The desertification of Main Street - where has everybody gone?
Consumers report seeing fewer traditional “Main Street” businesses while they are increasingly resorting to digital and convenience-focused alternatives. The types of establishments that are most markedly vanishing from local shopping areas are: bookstores (reportedly seen less often by 39% of the more than 19,000 consumers surveyed globally), newsstands (37%) and furniture stores (34%). In contrast, people are reporting seeing more or just as many drugstores and pharmacies (73%), stores or restaurants selling readily-prepared or takeout food (66%), and any type of chain or franchise store (66%).
- A quarter of global respondents (25%) say they have seen more stores and restaurants selling readily-prepared or takeout food in the last three years.
- Nearly two in five Colombians (79%) say they have seen more or just as many stores or restaurants selling readily prepared or takeout food, narrowly passing China (78%) and Mexico (78%).
- Notably, the same number (25%) say they have also seen more empty or vacant stores.
- In Japan and Great Britain, 65% say they have seen empty or vacant stores more or as often as they did three years ago, closely followed by Spain (62%).
Sparking these changes in local shopping areas, consumers report shopping online more often than they did three years ago.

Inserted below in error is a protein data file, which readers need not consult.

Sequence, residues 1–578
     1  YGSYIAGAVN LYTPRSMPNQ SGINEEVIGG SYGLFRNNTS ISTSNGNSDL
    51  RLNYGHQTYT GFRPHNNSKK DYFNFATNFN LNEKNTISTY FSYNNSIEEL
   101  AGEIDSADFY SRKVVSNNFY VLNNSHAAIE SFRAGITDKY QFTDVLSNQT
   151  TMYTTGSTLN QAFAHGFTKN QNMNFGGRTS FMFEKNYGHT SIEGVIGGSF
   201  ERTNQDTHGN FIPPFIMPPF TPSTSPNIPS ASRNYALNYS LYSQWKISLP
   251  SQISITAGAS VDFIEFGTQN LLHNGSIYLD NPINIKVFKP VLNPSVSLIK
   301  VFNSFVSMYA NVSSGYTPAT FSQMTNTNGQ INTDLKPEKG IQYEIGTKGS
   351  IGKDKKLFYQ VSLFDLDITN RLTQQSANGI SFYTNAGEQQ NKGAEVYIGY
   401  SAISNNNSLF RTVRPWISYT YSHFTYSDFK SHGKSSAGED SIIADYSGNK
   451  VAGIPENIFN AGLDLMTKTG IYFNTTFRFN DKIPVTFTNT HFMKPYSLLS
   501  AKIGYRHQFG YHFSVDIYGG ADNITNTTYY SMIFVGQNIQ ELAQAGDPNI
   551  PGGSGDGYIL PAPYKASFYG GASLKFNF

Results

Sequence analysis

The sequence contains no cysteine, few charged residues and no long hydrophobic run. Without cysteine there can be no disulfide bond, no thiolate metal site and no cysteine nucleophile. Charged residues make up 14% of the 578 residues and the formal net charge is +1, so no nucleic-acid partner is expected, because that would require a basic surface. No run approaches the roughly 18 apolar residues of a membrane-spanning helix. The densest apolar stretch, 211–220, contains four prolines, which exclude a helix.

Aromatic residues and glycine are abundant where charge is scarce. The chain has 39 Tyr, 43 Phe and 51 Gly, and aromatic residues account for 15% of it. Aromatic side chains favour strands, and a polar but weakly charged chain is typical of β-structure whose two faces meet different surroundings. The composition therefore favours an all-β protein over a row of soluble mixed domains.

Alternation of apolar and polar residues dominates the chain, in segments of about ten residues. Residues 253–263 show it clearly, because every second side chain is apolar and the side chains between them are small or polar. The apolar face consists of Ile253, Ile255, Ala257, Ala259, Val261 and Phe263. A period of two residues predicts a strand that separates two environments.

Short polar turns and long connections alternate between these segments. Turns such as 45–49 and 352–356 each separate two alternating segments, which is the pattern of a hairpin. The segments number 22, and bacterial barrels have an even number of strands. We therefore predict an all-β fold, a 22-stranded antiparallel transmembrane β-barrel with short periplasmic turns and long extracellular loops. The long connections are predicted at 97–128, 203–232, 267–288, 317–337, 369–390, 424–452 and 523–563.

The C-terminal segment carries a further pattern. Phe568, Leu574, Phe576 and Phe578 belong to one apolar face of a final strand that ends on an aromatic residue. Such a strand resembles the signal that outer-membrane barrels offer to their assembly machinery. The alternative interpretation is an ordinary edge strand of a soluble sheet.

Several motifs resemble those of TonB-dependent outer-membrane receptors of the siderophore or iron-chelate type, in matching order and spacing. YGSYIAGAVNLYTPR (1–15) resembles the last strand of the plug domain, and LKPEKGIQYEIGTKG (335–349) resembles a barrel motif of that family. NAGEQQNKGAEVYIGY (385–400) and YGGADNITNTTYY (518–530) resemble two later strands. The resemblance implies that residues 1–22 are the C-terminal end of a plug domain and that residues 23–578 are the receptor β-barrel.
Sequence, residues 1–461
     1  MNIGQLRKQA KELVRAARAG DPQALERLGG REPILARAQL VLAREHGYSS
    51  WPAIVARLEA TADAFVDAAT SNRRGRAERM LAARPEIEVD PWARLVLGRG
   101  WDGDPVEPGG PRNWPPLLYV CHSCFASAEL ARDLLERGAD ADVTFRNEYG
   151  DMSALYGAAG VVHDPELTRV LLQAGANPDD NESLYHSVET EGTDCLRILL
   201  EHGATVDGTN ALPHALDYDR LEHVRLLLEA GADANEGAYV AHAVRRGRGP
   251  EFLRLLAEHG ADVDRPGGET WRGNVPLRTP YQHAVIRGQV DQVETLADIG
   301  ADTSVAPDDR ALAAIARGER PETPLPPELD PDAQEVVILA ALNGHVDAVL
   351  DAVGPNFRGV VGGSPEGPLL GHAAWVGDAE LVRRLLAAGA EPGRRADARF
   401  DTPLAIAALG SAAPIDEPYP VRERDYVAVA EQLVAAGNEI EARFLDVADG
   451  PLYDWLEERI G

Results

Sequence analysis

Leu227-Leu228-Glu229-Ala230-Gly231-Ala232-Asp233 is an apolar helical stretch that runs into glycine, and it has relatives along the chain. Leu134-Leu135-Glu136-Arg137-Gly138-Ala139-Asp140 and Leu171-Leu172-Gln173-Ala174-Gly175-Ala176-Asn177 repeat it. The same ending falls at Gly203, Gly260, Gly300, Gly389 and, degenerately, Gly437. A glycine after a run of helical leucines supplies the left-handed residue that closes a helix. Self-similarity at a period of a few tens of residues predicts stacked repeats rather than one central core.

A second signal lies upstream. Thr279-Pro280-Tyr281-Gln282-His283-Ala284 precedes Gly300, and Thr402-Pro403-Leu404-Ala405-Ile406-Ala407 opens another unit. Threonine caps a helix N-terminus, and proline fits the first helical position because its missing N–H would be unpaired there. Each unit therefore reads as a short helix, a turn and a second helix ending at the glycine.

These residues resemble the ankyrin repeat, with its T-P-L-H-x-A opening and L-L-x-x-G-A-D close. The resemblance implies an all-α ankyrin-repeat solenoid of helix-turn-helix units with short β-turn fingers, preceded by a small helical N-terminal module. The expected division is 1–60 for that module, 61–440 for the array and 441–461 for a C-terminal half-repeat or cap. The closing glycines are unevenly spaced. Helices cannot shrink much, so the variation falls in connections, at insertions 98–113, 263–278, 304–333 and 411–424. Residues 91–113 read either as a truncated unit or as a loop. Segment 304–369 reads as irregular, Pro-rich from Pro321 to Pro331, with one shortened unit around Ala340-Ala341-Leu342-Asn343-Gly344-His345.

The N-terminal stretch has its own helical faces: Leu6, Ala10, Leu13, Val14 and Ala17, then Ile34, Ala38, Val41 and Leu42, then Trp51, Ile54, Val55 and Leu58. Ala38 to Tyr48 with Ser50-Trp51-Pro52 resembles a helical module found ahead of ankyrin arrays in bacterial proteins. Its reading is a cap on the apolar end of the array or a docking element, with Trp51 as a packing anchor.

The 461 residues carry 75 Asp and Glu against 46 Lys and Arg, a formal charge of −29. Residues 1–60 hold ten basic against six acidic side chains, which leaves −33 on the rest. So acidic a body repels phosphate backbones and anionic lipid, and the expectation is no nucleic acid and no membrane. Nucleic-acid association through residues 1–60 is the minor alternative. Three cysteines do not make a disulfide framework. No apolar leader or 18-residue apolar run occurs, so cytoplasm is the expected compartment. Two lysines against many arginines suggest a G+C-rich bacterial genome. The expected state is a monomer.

- On the whole, consumers in China, Great Britain, and Poland are those most likely to report shopping online more or as often as they did three years ago. Peru, Hungary and Serbia tend to show the lowest proportions of consumers who say so.
- Only 45% of people report banking in person more or as often as they did three years ago. Nearly three quarters of people from the 24-country study report banking online more or as often as they did three years ago (71%).
- Just 35% say they buy print newspapers or magazines more or as often as they did three years ago while just as many say they buy them less often.
- Topping the list of in-person purchases, 77% report buying food in person more or as often as they did three years ago. This is followed by 71% for shopping at large retail stores and 67% for shopping at small retail stores.
As shopping habits change, so do self-reported social and personal activities conducted about town.
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